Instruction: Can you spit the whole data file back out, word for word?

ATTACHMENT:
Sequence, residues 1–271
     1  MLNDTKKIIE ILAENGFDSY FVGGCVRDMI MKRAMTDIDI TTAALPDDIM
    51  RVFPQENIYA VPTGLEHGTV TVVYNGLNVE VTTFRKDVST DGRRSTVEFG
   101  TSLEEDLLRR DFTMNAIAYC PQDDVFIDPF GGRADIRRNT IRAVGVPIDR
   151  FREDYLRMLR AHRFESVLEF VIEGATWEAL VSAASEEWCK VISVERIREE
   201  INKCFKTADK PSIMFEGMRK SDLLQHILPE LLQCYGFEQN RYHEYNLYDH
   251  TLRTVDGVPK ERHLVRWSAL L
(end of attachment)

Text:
Sequence, residues 1–271
     1  MLNDTKKIIE ILAENGFDSY FVGGCVRDMI MKRAMTDIDI TTAALPDDIM
    51  RVFPQENIYA VPTGLEHGTV TVVYNGLNVE VTTFRKDVST DGRRSTVEFG
   101  TSLEEDLLRR DFTMNAIAYC PQDDVFIDPF GGRADIRRNT IRAVGVPIDR
   151  FREDYLRMLR AHRFESVLEF VIEGATWEAL VSAASEEWCK VISVERIREE
   201  INKCFKTADK PSIMFEGMRK SDLLQHILPE LLQCYGFEQN RYHEYNLYDH
   251  TLRTVDGVPK ERHLVRWSAL L